Citation: The President of the United States of America, in the name of Congress, takes pleasure in presenting the Medal of Honor to First Lieutenant (Air Corps) Edward Stanley Michael, United States Army Air Forces, for conspicuous gallantry and intrepidity above and beyond the call of duty while serving as pilot of a B-17 aircraft on a heavy bombardment mission to Germany, April 11, 1944. The group in which 1st Lt. Michael was flying was attacked by a swarm of fighters. His plane was singled out and the fighters pressed their attacks home recklessly, completely disregarding the Allied fighter escort and their own intense flak. His plane was riddled from nose to tail with exploding cannon shells and knocked out of formation, with a large number of fighters following it down, blasting it with cannon fire as it descended. A cannon shell exploded in the cockpit, wounded the copilot, wrecked the instruments, and blew out the side window. 1st Lt. Michael was seriously and painfully wounded in the right thigh. Hydraulic fluid filmed over the windshield making visibility impossible, and smoke filled the cockpit. The controls failed to respond and 3,000 feet were lost before he succeeded in leveling off. The radio operator informed him that the whole bomb bay was in flames as a result of the explosion of 3 cannon shells, which had ignited the incendiaries. With a full load of incendiaries in the bomb bay and a considerable gas load in the tanks, the danger of fire enveloping the plane and the tanks exploding seemed imminent. When the emergency release lever failed to function, 1st Lt. Michael at once gave the order to bail out and 7 of the crew left the plane. Seeing the bombardier firing the navigator’s gun at the enemy planes, 1st Lt. Michael ordered him to bail out as the plane was liable to explode any minute. When the bombardier looked for his parachute he found that it had been riddled with 20mm fragments and was useless. 1st Lt. Michael, seeing the ruined parachute, realized that if the plane was abandoned the bombardier would perish and decided that the only chance would be a crash landing. Completely disregarding his own painful and profusely bleeding wounds, but thinking only of the safety of the remaining crewmembers, he gallantly evaded the enemy, using violent evasive action despite the battered condition of his plane. After the plane had been under sustained enemy attack for fully 45 minutes, 1st Lt. Michael finally lost the persistent fighters in a cloud bank. Upon emerging, an accurate barrage of flak caused him to come down to treetop level where flak towers poured a continuous rain of fire on the plane. He continued into France, realizing that at any moment a crash landing might have to be attempted, but trying to get as far as possible to increase the escape possibilities if a safe landing could be achieved. 1st Lt. Michael flew the plane until he became exhausted from the loss of blood, which had formed on the floor in pools, and he lost consciousness. The copilot succeeded in reaching England and sighted an RAF field near the coast. 1st Lt. Michael finally regained consciousness and insisted upon taking over the controls to land the plane. The undercarriage was useless; the bomb bay doors were jammed open; the hydraulic system and altimeter were shot out. In addition, there was no airspeed indicator, the ball turret was jammed with the guns pointing downward, and the flaps would not respond. Despite these apparently insurmountable obstacles, he landed the plane without mishap.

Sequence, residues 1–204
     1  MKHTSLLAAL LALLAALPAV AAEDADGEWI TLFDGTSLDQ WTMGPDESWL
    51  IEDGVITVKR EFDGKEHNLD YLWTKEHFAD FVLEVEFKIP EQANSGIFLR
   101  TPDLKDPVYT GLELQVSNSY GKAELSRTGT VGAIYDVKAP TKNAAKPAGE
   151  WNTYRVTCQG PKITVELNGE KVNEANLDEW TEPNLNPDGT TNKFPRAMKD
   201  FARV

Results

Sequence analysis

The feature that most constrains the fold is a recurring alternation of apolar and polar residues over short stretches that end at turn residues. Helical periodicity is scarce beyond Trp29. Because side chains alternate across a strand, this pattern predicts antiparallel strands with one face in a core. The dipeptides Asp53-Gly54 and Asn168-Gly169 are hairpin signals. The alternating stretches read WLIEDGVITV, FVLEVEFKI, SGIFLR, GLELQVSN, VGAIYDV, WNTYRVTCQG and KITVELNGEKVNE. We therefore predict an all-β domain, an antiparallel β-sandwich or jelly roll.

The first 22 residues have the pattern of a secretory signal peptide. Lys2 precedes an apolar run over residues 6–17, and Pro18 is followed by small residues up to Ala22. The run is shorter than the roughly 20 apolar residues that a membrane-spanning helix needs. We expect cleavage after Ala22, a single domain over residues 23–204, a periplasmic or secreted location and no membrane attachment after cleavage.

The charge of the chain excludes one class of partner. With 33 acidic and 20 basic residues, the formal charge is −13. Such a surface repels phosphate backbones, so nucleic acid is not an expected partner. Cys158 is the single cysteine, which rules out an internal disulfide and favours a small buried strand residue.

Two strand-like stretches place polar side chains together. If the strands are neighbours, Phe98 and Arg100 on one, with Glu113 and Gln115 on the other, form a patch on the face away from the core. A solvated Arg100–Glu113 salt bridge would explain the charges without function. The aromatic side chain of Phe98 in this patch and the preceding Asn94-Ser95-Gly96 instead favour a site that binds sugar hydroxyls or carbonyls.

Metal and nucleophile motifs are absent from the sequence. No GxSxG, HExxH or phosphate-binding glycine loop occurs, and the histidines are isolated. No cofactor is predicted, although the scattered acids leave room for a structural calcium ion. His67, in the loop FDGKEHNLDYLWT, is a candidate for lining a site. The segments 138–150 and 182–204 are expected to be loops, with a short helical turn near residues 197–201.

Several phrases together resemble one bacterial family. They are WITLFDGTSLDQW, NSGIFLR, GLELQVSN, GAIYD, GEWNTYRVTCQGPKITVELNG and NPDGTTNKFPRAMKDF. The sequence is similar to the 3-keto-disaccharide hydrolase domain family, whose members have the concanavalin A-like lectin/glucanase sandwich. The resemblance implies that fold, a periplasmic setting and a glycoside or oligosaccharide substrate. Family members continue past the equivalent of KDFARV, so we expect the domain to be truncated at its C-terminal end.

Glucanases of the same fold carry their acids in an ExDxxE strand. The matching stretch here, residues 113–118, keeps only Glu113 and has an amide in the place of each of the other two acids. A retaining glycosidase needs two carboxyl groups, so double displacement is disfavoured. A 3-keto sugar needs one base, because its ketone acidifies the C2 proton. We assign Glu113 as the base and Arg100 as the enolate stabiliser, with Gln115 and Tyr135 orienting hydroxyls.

By 11 April 1944, four of Lt. Michael’s original crew had been replaced. For the six remaining, Eight Air Force Mission 298 would be their twenty-sixth combat mission. (The combat tour had just been increased from 25 missions to 30.)